Streetwise Professor

March 26, 2009

Mandatory OTC Derivatives Clearing

Filed under: Derivatives,Economics,Exchanges,Financial crisis — The Professor @ 12:49 pm

News reports state that Geithner supports mandatory central clearing of OTC derivatives transactions.   His testimony is not quite so blunt, but could be interpreted that way:

Fourth, we should establish a comprehensive framework of oversight, protections and disclosure for the OTC derivatives market, moving the standardized parts of those markets to central clearinghouse, and encouraging further use of exchange-traded instruments.

I have argued against such a mandate here (“skinny” version), and here (“supersized” version).   Geithner is not specific about the organization of a clearinghouse, and in particular about the scope of products each would clear, but Darrell Duffie has argued that a specialized CDS clearinghouse would increase risk.   I’ve also laid out many of my arguments (that eventually showed up in the papers linked above) here on SWP–just type in “clearing” on the search bar if you’d like to find them.

Given the barrage of words I’ve already hurled at the subject, I’ll limit myself here to a bullet point list of the problematic issues:

  • Risk pricing.   Dealers are likely to have better information about counterparty risks arising from the nature of the specific instruments, and especially from the balance sheet risks of counterparties.
  • Netting is not necessarily a social benefit.   It redistributes wealth (in the event of a default) to clearinghouse members and from the other creditors of a defaulter, e.g., buyers of the defaulter’s commercial paper, its securities lending counterparties.   It is not immediately obvious that this allocation of counterparty risk is welfare improving.
  • Clearing concentrates counterparty risk and redistributes it among the members.
  • This concentration is especially problematic since derivatives counterparties have recourse to a dealer’s entire balance sheet in the event of a default.   In a CCP, recourse is limited to the capital of the CCP, plus any additional “good to the last drop” obligations of members to contribute additional capital in the event that the CCP funds are exhausted.   These funds appear small to the potential loss in the event of a major default.   As an example, CME clearinghouse can tap into $6 billion of capital if margins don’t cover a default loss.   (This includes CME stock deposited by clearinghouse members, valued at its current price too, which would likely fall in the event of a major default.)   The size of ICE Trust’s Guaranty Fund (the backstop monies that would be available in the event that margins don’t cover a defaulter’s obligations) is not publicly known (at least I have not been able to track down that number).   ICE has committed $10 million, with a commitment to raise it to $100 million.   I think members are obligated to kick in $20 million to the fund, but that could be scaled as position sizes increase.   I have not seen any indication that there will be “Maxwell House” (H/T Lucio) features in ICE Trust.   Anyways, we’re talking less than $1 billion here.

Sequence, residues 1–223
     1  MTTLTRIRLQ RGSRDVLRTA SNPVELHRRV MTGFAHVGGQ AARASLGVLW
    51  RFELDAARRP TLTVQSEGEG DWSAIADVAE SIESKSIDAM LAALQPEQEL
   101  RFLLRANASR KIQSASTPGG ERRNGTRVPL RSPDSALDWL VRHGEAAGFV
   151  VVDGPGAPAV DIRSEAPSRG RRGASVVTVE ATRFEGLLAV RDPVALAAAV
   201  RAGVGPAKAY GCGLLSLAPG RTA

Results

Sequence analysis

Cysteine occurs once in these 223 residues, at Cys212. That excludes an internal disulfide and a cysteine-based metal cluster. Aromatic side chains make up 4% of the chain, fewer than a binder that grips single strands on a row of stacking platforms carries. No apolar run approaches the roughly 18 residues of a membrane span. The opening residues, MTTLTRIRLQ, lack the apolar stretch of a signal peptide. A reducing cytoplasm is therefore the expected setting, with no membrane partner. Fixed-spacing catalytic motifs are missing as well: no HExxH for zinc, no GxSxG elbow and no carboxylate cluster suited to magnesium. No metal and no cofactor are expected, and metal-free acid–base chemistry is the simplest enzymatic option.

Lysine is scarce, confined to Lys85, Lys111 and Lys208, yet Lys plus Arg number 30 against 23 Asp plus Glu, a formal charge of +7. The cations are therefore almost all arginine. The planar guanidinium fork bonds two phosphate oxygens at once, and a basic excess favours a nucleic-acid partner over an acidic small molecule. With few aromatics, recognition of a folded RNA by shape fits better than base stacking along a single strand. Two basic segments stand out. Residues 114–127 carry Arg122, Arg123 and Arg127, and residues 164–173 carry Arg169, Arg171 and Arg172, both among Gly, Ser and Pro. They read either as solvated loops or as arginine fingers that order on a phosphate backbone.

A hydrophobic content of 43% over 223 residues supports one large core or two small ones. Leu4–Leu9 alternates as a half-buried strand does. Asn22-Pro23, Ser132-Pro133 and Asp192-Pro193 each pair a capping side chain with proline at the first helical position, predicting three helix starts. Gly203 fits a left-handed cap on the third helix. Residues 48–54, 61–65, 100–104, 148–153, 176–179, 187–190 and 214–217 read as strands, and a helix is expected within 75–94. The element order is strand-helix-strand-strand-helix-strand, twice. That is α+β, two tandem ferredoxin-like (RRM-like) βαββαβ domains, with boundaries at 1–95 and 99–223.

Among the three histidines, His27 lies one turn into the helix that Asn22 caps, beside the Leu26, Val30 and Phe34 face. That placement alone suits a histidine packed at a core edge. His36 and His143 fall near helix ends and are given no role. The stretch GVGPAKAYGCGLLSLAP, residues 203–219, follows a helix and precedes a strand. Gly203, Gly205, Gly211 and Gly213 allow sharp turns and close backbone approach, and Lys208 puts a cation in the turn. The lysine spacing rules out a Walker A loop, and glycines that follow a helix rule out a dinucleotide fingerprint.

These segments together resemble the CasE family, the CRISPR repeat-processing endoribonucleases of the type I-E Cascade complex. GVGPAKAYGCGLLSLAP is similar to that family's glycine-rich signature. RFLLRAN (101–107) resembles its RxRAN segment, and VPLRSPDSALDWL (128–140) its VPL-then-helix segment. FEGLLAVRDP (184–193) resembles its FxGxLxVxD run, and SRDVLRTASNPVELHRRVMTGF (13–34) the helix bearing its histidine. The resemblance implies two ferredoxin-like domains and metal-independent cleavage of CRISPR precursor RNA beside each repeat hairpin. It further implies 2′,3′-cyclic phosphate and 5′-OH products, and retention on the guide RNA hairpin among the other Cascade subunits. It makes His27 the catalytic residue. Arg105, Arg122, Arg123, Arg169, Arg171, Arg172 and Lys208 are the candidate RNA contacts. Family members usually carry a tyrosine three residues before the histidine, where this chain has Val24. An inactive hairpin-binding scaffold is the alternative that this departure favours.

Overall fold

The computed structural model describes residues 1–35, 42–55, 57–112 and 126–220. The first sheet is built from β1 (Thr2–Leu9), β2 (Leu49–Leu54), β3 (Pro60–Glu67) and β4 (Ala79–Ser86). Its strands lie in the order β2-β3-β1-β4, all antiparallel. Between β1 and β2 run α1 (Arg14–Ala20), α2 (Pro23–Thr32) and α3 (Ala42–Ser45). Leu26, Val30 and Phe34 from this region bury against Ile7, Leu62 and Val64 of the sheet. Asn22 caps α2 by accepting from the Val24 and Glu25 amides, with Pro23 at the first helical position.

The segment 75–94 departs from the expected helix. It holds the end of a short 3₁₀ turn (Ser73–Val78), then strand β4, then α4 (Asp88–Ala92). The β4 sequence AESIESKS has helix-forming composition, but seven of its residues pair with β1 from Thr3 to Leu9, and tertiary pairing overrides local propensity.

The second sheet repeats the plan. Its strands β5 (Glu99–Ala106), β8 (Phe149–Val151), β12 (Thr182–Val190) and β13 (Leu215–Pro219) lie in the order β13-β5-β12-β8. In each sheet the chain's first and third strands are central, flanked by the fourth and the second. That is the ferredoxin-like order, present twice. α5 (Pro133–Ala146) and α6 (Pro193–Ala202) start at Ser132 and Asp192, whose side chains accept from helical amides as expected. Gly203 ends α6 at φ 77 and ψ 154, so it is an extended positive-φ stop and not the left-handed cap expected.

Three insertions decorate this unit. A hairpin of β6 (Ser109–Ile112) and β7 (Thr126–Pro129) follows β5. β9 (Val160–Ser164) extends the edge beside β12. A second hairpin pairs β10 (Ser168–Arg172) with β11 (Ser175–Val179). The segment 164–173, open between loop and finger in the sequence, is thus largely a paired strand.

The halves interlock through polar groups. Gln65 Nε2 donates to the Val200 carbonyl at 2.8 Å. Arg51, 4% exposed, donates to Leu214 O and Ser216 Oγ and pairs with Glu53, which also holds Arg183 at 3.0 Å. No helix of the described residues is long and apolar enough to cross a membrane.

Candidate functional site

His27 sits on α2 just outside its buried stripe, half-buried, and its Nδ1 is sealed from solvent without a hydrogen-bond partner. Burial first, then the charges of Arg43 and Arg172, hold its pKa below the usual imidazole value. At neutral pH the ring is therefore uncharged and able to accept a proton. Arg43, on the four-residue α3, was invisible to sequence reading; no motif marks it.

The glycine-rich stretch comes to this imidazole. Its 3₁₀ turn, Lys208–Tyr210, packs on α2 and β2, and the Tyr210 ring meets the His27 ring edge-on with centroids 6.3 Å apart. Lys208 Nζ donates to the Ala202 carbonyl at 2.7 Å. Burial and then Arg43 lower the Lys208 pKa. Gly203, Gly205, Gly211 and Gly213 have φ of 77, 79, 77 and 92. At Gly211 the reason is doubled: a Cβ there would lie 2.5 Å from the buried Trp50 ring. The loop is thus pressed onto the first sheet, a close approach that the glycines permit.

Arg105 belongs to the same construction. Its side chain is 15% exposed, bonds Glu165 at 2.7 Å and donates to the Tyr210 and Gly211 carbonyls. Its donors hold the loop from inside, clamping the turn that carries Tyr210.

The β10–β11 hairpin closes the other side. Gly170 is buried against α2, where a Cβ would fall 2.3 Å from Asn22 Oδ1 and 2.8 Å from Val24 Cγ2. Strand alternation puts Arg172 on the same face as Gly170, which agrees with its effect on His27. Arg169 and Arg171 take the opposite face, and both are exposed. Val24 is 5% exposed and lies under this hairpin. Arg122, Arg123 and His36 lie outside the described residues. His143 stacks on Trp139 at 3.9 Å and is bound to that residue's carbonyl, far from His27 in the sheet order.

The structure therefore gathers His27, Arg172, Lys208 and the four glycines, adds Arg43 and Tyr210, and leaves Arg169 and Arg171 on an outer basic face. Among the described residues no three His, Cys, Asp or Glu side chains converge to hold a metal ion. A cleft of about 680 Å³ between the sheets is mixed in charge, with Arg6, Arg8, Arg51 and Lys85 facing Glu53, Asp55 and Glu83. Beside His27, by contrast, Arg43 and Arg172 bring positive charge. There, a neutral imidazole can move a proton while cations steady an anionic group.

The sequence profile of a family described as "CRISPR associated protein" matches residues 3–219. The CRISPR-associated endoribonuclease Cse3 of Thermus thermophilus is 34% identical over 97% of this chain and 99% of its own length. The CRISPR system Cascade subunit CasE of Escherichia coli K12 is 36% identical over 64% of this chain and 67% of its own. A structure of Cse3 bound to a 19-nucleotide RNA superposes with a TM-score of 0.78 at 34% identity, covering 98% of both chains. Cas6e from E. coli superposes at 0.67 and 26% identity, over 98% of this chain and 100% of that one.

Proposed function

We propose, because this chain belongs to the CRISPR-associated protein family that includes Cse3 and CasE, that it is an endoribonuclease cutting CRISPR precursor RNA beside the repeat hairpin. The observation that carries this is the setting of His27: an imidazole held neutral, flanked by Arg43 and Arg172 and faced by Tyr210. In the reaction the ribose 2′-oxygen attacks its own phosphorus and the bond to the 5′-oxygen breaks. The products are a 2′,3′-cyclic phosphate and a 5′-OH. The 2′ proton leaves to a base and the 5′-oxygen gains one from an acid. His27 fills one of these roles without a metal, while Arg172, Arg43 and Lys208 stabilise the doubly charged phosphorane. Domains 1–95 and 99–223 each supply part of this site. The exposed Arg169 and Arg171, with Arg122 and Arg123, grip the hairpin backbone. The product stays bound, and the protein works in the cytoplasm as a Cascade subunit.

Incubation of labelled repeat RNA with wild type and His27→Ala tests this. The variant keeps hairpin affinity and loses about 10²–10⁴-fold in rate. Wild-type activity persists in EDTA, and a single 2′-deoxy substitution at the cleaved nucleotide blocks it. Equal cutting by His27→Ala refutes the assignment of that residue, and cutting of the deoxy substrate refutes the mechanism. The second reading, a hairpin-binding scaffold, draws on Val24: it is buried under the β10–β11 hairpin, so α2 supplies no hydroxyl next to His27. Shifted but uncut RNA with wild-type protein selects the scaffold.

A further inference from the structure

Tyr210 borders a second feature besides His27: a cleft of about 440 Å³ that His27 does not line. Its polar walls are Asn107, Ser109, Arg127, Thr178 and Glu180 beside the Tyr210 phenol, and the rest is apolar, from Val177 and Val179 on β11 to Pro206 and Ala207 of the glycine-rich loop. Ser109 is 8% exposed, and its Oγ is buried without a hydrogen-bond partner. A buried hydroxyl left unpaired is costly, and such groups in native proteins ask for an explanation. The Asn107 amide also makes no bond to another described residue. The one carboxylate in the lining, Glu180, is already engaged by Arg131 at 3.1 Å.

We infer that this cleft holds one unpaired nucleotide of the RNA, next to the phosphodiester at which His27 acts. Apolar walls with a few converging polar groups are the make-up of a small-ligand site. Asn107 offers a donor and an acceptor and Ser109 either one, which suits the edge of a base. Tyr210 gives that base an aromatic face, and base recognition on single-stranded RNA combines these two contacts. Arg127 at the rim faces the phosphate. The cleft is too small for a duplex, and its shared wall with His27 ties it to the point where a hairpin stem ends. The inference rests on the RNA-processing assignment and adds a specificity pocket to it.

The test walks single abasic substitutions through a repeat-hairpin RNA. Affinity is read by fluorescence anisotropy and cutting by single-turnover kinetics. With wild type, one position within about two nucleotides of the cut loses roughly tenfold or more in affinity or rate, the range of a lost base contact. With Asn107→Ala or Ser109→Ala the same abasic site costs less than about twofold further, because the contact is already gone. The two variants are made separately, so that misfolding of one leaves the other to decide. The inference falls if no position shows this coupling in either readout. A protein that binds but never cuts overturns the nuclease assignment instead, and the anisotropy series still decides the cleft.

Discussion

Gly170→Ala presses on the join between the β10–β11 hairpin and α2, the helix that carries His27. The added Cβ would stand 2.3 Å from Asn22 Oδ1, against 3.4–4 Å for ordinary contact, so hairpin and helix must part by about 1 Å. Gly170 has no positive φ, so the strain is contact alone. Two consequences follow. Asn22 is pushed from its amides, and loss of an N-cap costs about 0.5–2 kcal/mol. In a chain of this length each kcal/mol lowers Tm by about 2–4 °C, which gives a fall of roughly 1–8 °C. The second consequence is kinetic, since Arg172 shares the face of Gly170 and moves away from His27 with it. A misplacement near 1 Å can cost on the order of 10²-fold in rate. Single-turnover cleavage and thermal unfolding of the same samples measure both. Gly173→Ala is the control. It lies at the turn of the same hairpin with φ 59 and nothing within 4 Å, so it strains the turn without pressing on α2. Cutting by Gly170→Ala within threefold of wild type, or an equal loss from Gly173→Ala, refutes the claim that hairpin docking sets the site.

• CCPs have a more rigid, mechanical collateralization mechanism.   This could be a feature, but it could also be a major bug in times of systemic stress.   CCPs require posting of collateral in cash or close substitutes, sometimes intraday, and no later that the opening of business of the next day.   Dealers can be more flexible with collateralization, extending credit, or accepting a wider range of collateral.   Large market moves create large demands for cash in a CCP structure.   This can contribute to a liquidity crisis.   Note in October, 1987, many banks were unwilling to extend credit to fund margin calls.   Fed action alleviated a collapse of CME and CBT clearinghouses, but the margin induced demand for liquidity nearly led to a systemic collapse.   (Bernanke actually wrote a paper on this in the 1991 RFS).

I have seen no evidence that any of these points have been given serious vetting by the powers that be.

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